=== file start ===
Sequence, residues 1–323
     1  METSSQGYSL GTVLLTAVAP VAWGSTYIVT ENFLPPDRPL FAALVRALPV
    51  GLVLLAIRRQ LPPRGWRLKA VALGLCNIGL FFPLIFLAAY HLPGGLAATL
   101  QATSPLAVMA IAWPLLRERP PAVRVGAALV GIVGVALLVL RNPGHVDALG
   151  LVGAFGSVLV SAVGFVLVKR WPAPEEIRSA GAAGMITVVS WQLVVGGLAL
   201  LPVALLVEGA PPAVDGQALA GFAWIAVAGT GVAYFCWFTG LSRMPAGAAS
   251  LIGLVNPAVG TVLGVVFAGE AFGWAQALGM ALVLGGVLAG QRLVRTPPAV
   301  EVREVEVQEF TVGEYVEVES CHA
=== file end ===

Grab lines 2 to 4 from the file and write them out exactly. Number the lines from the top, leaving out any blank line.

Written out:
     1  METSSQGYSL GTVLLTAVAP VAWGSTYIVT ENFLPPDRPL FAALVRALPV
    51  GLVLLAIRRQ LPPRGWRLKA VALGLCNIGL FFPLIFLAAY HLPGGLAATL
   101  QATSPLAVMA IAWPLLRERP PAVRVGAALV GIVGVALLVL RNPGHVDALG